Public bodies in Nova Scotia get one year to develop accessibility plans
Nova Scotia Justice Minister Mark Furey fields question in Halifax on Tuesday, April 3, 2018. (THE CANADIAN PRESS/Andrew Vaughan)
HALIFAX -- Municipalities and universities will have a year to develop plans to remove barriers to accessibility as Nova Scotia continues to move towards its legislated goal of making the province more accessible to people with disabilities by 2030.
Justice Minister Mark Furey announced a step Tuesday that would see municipalities, villages, universities, the Nova Scotia Community College and provincial libraries designated as public sector bodies under the provincial Accessibility Act on April 1.
Furey said those bodies will then have one year to establish accessibility advisory committees and implement plans aimed at making buildings and public spaces accessible to employees under provincial standards that are being developed. Those standards are expected to be in place by 2022.
Furey said the work is about more than simply modifying buildings.
"It encompasses how we develop and deliver our programs and services and ensure our workplaces are equipped with the aids and technologies needed to support the needs of employees," he said.
Nova Scotia passed its accessibility law in 2017, joining Ontario and Manitoba as the only provinces with such legislation.
The federal government passed the Accessible Canada Act last June, while British Columbia is planning its own legislation to be introduced sometime in 2020.
Furey said Nova Scotia's law is about creating a "cultural shift" in communities and workplaces -- a movement he said has already begun.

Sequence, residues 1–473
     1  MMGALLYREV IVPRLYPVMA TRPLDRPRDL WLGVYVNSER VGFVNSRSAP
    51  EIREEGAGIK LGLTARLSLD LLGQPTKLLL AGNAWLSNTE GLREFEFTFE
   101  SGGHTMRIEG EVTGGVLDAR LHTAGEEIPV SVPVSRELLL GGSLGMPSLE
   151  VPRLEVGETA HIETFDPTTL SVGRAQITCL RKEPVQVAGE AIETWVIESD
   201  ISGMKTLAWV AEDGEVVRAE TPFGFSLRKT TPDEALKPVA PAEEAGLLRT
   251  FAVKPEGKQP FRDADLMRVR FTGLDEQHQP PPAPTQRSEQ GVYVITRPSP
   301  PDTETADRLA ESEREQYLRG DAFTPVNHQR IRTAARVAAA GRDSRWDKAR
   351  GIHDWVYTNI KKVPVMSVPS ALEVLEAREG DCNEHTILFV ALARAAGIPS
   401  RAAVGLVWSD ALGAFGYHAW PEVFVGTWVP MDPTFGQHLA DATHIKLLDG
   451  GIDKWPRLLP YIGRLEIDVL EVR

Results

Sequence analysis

As an example, Furey pointed to the town of Wolfville, N.S., which earlier this year adopted the province's first comprehensive municipal accessibility plan.
He also highlighted work by the Municipality of the County of Antigonish and the Municipality of the County of Inverness, which partnered last summer to create accessible beaches in their communities.
Michelle Mahoney, a receptionist and office assistant at Dalhousie's law school, applauded ongoing efforts to improve accessibility but said she still encounters challenges even in places designated as accessible.
"I attended an event last year ... and the venue celebrated that it was accessible," Mahoney said. "When I needed to use the bathroom there was an accessible stall, which was really great, however I could not reach the taps or the sink to wash my hands -- that was a barrier."
Mahoney has arthrogryposis, a condition that saw her born with clubbed feet, her hands turned at the wrist, and a left knee that doesn't bend because of a lack of muscle. Her right hip was also dislocated.
She said any future changes will have to consider a number of variables because of the varying array of disabilities that exist.
"Somebody with a disability does not come with a book of instructions, so you have to figure things out as you go," she said.
Halifax Coun. Waye Mason, who is past president of the Federation of Nova Scotia Municipalities, said while municipalities are willing to do the work, smaller communities that are already financially strapped will need help from the province.
"Doing those changes can be quite expensive, especially doing them sensitively to heritage buildings," said Mason. "We need to have that active conversation about what needs to be done and how we are going to pay for it."
This report by The Canadian Press was first published Dec. 3, 2019.